Wellbeing with Nutrition
Nurturing the Mind and Body

My love for combining cooled herbal tea with fresh juices continues this week with a combination of nettle tea and fresh beetroot/lemon juice. You get the therapeutic properties of nettle tea combined with those of the fresh juices.

Nettles root deep into the ground and are able to draw in many minerals from the earth. As a result, they are rich in minerals like iron, calcium, magnesium, manganese, zinc, copper, chromium and sulphur. Nettles are also a source of  fibre, protein and contain beta carotene, vitamin C, B-complex and vitamin K. This strong nutrient profile means that nettles can help strengthen the body and in particular support kidney, liver, blood, joint, hair, skin and nail health.

Beetroot complements nettles both in taste and nutrients. An earthy root vegetable, which also draws in and retains an impressive level of nutrients. Betacyanin, is the main phytonutrient which gives beetroots their deep red colour, which is a powerful antioxidant with tumour-reducing properties. Beetroots are also a source of betaine, which has anti-inflammatory properties and helps the liver to process toxins. Beetroots contain an impressive array of minerals like iron and folic acid, which help build healthy blood cells and potassium and manganese, which support nerve and muscle health. The naturally occurring nitrates in beetroots, are converted into nitric oxide in the body, which helps to relax/dilate blood vessels and improves blood flow resulting in lower blood pressure and improved oxygenation.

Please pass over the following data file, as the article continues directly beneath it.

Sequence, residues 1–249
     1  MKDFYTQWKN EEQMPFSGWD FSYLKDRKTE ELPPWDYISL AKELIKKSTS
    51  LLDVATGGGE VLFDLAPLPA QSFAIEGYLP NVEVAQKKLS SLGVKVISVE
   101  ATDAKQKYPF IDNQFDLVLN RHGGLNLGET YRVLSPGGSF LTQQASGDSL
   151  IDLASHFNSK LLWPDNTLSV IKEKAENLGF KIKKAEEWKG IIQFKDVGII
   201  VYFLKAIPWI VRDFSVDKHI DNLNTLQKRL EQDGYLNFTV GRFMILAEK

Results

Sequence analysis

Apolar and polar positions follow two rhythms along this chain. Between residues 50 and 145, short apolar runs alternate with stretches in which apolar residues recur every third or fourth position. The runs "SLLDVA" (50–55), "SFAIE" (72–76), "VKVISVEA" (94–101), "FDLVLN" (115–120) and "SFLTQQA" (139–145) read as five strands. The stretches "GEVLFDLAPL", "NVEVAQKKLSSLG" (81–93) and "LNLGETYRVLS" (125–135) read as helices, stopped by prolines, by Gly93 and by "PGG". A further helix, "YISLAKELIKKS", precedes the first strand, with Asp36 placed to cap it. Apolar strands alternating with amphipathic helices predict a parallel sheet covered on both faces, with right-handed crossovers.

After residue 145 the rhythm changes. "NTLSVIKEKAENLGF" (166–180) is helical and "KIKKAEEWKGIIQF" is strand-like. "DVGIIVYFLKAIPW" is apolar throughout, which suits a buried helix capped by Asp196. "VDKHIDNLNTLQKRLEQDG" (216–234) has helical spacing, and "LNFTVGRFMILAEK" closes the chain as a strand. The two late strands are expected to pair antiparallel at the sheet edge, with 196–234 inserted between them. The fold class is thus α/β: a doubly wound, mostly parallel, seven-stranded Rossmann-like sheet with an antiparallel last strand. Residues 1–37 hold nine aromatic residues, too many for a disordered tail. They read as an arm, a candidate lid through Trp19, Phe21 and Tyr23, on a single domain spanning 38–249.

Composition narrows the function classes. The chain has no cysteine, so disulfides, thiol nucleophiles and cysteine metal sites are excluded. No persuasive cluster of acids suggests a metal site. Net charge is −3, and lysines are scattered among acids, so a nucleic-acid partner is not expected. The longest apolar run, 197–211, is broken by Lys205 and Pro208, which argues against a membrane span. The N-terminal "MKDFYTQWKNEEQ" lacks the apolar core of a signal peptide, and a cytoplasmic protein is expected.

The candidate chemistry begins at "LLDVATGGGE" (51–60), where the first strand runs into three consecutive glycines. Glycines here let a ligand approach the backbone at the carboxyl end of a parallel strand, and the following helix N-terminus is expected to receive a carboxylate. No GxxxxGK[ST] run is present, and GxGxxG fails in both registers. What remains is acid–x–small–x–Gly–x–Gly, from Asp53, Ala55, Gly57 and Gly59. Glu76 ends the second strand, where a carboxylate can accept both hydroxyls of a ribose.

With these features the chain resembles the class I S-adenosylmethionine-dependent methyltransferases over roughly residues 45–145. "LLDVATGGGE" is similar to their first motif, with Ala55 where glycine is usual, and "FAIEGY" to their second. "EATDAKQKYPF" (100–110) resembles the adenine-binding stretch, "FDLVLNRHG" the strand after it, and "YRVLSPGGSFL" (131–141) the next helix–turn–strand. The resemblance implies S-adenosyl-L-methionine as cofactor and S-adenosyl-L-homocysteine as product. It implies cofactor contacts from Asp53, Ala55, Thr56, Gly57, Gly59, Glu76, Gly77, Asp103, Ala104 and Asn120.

This is an easy drink to make which has potentially many health benefits including:

  •          anti-inflammatory, which may help support painful joints and reduce inflammation
  •          helps lower blood pressure
  •          helps lower elevated blood sugar and cholesterol
  •          helps clear retained fluid


1 tbsp dried nettle tea or 3-4 fresh nettle leaves
1 beetroot
1/4  lemon


  1.  In a pan, I added around 200ml of hot water to 1 tbsp of dried nettle. Alternatively you could use 3-4 fresh nettle leaves. The tea was then simmered for around 15-20 minutes.
  2. I then left the tea to cool down to room temperature and refrigerated the tea so that it was completely cool when serving.
  3. When I was ready to make my juice I simply juiced the beetroot and 1/4  of a fresh lemon. I then added the same quantity of cooled nettle to the juice.

Cooled nettle tea may be stored in a suitable airtight glass container in the fridge for around 5 days.

Some Precautions with this Juice

If you are taking medications like for example, lowering blood sugar, blood pressure etc then please be aware that nettle and beetroot taken regularly in a juice may interfere with the action of these medications. 

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